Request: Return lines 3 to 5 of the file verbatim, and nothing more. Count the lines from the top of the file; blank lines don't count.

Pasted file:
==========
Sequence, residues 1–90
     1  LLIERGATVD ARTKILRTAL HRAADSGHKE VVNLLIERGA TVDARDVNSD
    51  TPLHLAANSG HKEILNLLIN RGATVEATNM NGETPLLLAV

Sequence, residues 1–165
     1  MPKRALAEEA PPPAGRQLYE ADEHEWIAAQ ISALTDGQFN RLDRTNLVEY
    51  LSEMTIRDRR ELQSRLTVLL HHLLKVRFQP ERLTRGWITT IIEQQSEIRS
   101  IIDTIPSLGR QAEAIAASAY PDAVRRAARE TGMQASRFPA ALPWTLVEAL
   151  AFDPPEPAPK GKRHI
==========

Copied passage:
    51  TPLHLAANSG HKEILNLLIN RGATVEATNM NGETPLLLAV

Sequence, residues 1–165
     1  MPKRALAEEA PPPAGRQLYE ADEHEWIAAQ ISALTDGQFN RLDRTNLVEY